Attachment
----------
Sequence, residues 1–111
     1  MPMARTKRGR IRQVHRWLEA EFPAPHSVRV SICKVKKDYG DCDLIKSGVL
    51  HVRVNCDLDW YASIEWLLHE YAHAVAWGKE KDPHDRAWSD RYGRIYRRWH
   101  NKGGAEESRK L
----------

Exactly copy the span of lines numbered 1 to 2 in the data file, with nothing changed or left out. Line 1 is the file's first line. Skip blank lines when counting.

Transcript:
Sequence, residues 1–111
     1  MPMARTKRGR IRQVHRWLEA EFPAPHSVRV SICKVKKDYG DCDLIKSGVL